CoinFLEX, a crypto exchange which we’ve added to our tracker of compromised centralized exchanges for freezing user withdrawals, has pointed the blame for their liquidity problems to a wealthy individual who owes the exchange $47M USDC. The story has developed a lot of drama in the past week as CoinFLEX has revealed that the individual is the widely hated and sometimes loved Roger Ver, former CEO of Bitcoin.com.
Ver was an early Bitcoin advocate and one of the critical actors in the blocksize wars. The blocksize wars was a much heated fissure in the early Bitcoin community where one side wanted to keep the same size of blocks as Satoshi had outlined and the other wanted a larger blocksize–though under the surface, this dispute was really over who would control the underlying Bitcoin protocol. Eventually this conflict resulted in Ver creating BitcoinCash, a fork off of Bitcoin that had a larger blocksize. It has not done well.
In response to CoinFLEX’s public statement, Ver denied that he owed CoinFLEX anything, and claimed the company actually owed him money… which CoinFLEX CEO David Lamb says is a lie. Yeah, it’s one of those Twitter arguments.
For what it’s worth, anonymous Twitter user FatMan, who gained fame in crypto Twitter for accurately surfacing many leaks about UST/LUNA before they were publicly made available, has said that insiders familiar with the matters have confirmed to him Roger Ver is the individual who owes CoinFLEX this money.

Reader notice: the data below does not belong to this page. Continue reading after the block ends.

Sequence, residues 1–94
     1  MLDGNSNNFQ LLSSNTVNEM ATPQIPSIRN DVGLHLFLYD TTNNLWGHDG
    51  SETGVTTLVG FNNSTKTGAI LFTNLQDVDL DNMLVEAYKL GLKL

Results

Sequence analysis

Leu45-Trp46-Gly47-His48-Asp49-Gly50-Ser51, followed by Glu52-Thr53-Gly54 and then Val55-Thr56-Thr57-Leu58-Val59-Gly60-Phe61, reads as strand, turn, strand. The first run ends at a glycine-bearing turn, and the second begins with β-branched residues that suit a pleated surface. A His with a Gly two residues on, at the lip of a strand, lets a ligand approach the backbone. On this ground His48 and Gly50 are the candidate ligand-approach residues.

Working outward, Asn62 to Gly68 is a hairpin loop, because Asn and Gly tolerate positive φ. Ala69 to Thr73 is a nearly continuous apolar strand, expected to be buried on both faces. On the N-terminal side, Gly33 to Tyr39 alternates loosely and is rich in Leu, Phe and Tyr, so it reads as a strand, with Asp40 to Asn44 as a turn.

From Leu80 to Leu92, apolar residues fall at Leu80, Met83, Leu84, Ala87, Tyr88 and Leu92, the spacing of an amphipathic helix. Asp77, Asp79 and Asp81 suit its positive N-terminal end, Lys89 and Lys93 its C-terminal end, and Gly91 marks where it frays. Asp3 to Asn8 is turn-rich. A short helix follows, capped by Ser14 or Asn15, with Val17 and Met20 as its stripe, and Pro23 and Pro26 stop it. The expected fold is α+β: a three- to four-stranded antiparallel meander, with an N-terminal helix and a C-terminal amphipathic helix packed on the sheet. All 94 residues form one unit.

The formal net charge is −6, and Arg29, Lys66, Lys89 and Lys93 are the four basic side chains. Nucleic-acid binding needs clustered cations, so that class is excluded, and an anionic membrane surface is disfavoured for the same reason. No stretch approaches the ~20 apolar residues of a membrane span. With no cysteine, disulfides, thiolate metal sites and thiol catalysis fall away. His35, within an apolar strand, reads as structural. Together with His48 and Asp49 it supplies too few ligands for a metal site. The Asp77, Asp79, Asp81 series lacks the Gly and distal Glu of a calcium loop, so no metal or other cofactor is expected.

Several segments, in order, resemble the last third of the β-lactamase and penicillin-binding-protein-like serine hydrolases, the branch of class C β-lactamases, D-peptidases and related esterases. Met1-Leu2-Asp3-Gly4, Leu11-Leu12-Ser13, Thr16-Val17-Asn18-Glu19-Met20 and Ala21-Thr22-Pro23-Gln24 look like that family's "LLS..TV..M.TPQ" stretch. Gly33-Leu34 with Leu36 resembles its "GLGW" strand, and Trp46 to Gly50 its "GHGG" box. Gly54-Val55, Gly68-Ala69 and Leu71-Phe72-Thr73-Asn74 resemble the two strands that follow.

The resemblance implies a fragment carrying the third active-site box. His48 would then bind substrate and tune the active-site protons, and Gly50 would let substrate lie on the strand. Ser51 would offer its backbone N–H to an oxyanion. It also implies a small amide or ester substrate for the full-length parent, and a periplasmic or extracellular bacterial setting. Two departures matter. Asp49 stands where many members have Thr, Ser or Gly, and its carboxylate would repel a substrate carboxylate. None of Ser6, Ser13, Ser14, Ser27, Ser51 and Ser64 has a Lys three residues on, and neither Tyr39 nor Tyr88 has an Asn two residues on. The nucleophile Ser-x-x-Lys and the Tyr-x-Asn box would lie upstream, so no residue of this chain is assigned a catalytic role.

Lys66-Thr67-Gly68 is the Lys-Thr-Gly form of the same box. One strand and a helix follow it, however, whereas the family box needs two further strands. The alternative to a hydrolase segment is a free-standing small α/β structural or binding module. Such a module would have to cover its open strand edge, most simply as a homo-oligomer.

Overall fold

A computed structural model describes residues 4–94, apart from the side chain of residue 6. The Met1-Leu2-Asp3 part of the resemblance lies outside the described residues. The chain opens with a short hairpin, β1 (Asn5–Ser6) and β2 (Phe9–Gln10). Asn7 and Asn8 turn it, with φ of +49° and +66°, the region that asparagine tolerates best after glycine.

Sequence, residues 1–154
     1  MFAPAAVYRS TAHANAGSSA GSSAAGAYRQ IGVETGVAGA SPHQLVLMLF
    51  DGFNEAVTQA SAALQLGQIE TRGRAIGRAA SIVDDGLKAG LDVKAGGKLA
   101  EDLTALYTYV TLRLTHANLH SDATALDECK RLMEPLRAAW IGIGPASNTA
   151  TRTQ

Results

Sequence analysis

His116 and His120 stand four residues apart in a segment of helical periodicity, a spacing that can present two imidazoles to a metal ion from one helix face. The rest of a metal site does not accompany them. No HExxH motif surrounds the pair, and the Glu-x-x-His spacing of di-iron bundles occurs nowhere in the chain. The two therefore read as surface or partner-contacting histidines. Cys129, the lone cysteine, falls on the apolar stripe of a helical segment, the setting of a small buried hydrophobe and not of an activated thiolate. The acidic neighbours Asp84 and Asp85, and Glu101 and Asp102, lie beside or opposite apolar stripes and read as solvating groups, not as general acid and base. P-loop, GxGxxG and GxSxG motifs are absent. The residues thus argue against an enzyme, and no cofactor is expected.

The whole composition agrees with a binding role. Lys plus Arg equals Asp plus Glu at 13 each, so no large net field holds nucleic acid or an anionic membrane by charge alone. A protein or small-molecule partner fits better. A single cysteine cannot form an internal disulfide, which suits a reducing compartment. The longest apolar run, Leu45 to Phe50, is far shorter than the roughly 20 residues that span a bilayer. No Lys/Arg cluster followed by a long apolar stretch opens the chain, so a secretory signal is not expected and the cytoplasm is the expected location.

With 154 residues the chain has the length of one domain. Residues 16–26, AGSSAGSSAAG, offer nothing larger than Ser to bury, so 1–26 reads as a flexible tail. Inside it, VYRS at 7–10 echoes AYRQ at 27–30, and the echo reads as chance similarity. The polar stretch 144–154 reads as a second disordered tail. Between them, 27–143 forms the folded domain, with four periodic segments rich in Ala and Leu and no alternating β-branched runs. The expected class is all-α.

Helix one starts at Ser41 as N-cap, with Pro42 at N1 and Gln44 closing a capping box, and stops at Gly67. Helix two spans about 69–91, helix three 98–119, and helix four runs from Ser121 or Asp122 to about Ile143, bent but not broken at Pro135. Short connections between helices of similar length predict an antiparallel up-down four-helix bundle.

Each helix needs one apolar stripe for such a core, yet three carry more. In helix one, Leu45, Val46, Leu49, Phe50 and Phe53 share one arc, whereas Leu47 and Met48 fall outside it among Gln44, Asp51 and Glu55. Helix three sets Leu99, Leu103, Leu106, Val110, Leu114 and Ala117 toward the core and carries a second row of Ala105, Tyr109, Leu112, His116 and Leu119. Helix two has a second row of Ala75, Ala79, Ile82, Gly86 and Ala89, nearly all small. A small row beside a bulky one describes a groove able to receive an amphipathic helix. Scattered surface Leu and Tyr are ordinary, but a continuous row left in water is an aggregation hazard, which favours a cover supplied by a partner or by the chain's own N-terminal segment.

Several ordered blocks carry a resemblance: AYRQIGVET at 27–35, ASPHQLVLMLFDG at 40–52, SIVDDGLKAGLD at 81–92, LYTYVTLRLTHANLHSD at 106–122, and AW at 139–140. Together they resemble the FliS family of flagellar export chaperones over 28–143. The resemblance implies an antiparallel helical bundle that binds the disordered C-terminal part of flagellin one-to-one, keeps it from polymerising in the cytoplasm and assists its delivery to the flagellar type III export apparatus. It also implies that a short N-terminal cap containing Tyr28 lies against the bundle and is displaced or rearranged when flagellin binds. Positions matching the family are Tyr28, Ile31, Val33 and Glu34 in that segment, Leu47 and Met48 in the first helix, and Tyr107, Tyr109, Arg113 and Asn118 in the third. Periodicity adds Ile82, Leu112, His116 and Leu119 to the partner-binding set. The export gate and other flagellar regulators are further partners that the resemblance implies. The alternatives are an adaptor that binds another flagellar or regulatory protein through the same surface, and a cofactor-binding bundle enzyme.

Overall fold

What is the real story here? It’s entertaining that the borrower ended up being Roger Ver, but this is really a story about CoinFLEX’s poor risk management practices–something we’ve seen everywhere. And CoinFLEX hasn’t taken this as a good chance to reflect and improve their risk management practices, they’re doubling down.
CoinFLEX’s solution to reallowing withdrawals was to tokenize the outstanding debt and offer a 20% APY on top of it. They’re issuing 47M of rvUSD for accredited investors ($200k/year or >$1m total assets not including your home), with a minimum buying size of 100,000 rvUSD. The terms for the new debt reveals a lot about the conditions that let this happen.
In this case, the Individual had a nonliquidation recourse account, a condition that means they will not be liquidated in exchange for personally guaranteeing their account equity in writing. [...] Notably, the Individual had consistently met every margin call before this incident. The Individual is a high integrity person of significant means, experiencing temporary liquidity issues due to a credit (and price) crunch in crypto markets (and even noncrypto markets) who has significant shareholdings in several unicorn private companies and a large portfolio.
Ver has been a long term, high quality customer to coinFLEX, who was given nonliquidation carve outs. The new debt being issued is subject to being repaid in USDC or USDC and FLEX coins in the case where CoinFLEX is unable to pay back in USDC–which one would think could result in FLEX coins being worthless.